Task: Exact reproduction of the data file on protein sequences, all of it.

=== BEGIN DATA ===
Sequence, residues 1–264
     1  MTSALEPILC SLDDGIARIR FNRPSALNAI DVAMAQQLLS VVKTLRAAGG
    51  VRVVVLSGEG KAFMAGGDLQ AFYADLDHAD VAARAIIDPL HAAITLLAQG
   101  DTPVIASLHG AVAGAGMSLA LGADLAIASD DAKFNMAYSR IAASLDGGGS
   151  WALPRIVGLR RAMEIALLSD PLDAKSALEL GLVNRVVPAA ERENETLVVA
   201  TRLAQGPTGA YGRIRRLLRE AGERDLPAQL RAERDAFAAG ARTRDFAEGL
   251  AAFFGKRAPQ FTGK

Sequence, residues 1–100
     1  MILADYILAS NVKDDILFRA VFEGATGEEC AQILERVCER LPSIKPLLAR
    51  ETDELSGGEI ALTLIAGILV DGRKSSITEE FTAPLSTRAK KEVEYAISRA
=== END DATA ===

Sequence, residues 1–264
     1  MTSALEPILC SLDDGIARIR FNRPSALNAI DVAMAQQLLS VVKTLRAAGG
    51  VRVVVLSGEG KAFMAGGDLQ AFYADLDHAD VAARAIIDPL HAAITLLAQG
   101  DTPVIASLHG AVAGAGMSLA LGADLAIASD DAKFNMAYSR IAASLDGGGS
   151  WALPRIVGLR RAMEIALLSD PLDAKSALEL GLVNRVVPAA ERENETLVVA
   201  TRLAQGPTGA YGRIRRLLRE AGERDLPAQL RAERDAFAAG ARTRDFAEGL
   251  AAFFGKRAPQ FTGK

Sequence, residues 1–100
     1  MILADYILAS NVKDDILFRA VFEGATGEEC AQILERVCER LPSIKPLLAR
    51  ETDELSGGEI ALTLIAGILV DGRKSSITEE FTAPLSTRAK KEVEYAISRA